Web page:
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Driving test to be revamped


The UK driving test is to be revamped in an effort to make it more relevant to real world driving situations.

The change, which comes into force in October, is the inclusion of a ten-minute journey that the pupil must make unassisted, known as the 'independent driving' section.

Depending on where the test is taking place, the examiner will tell the learner to either follow signs for a city centre or landmark, or give them a series of directions.

When directions are given, the examiner will also have a set of cards to mark out the route, as a visual prompt for the learner.

The point is not to make learners memorise directions, but to evaluate how they cope with driving as they would after passing the test. Therefore, the examiner will not guide them during every turn and junction.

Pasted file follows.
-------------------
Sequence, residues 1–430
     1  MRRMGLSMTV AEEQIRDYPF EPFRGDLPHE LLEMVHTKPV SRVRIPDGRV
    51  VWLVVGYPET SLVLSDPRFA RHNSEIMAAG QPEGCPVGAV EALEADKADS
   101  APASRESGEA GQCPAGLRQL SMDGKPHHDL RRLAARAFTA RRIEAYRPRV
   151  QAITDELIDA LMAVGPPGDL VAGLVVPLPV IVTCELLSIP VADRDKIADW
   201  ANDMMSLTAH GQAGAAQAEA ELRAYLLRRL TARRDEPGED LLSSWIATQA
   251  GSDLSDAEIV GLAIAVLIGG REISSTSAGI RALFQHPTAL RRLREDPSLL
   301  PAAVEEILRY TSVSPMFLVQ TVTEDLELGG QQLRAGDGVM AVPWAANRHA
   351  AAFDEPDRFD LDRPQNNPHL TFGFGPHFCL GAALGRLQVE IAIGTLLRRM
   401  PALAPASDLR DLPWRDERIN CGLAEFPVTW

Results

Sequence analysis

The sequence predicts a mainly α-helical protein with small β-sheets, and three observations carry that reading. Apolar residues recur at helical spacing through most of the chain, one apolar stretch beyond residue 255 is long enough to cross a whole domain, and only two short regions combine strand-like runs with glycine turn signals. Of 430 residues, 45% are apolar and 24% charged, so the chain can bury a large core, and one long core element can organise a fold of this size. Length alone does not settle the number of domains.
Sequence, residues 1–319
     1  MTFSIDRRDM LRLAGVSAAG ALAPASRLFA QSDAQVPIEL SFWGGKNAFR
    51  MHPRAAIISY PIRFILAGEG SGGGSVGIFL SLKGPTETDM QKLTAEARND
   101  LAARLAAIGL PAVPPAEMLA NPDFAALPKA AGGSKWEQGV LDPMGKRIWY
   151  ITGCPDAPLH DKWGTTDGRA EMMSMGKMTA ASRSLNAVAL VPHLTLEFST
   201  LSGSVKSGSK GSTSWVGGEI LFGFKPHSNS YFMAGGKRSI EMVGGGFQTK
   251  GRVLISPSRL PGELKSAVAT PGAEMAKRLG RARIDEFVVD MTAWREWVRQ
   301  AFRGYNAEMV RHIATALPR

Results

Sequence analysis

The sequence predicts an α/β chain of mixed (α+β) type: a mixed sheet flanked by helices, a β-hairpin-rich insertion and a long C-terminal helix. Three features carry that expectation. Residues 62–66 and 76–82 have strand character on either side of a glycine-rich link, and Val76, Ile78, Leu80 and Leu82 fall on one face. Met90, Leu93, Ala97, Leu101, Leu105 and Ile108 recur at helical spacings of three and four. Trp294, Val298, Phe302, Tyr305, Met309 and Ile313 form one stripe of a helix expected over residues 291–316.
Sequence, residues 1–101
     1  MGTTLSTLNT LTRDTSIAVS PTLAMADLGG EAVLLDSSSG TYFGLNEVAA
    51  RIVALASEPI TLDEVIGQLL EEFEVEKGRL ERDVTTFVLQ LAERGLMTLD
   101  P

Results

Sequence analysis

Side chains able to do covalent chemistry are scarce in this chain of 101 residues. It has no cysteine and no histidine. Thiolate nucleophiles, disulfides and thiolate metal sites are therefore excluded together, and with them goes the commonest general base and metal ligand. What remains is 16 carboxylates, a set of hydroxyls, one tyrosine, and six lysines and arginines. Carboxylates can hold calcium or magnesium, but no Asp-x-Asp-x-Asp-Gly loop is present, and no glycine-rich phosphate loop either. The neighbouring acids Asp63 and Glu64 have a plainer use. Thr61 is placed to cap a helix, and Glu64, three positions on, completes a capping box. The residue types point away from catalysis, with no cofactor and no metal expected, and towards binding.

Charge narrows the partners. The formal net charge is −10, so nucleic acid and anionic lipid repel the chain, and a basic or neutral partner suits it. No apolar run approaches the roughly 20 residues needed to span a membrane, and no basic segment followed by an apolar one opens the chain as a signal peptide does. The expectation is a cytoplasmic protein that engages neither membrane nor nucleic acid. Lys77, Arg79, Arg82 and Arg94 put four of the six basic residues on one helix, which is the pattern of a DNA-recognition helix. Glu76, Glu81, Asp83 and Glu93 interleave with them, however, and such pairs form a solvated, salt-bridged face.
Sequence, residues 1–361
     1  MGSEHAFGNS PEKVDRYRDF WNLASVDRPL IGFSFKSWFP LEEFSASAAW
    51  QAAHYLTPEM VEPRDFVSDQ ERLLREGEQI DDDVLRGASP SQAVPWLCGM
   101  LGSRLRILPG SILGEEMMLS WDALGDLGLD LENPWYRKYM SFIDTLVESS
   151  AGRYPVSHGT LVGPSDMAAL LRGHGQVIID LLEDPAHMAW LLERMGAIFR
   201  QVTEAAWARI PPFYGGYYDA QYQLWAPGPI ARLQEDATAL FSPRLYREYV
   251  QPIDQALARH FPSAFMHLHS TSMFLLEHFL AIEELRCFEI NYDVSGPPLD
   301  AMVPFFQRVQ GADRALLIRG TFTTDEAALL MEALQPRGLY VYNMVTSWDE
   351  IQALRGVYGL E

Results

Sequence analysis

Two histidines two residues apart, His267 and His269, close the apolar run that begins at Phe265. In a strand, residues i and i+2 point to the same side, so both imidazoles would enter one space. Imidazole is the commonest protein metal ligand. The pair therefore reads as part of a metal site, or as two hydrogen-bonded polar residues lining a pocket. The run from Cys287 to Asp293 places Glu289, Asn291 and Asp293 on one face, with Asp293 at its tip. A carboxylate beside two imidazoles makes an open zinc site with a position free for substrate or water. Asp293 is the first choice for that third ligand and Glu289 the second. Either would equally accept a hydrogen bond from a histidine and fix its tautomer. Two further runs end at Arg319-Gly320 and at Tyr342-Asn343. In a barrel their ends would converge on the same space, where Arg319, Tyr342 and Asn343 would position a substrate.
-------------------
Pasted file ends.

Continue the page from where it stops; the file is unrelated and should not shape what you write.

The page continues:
Early research by the Driving Standards Agency indicated the new section would lead to a fall in pass rates.

However, the learner will not fail the test if they get lost or make a wrong turn. In those circumstances the examiner will guide the learner back on course.

A DSA spokesman said: "Subsequent trials with a larger number of participants and more closely reflecting the conditions in the planned new test showed no significant fall in the pass rate."

Other changes to the test will include more focus on high risk driving, like turning right across traffic and using slip roads. In addition, only one of the three low speed manoeuvres will need to be taken, rather than two.

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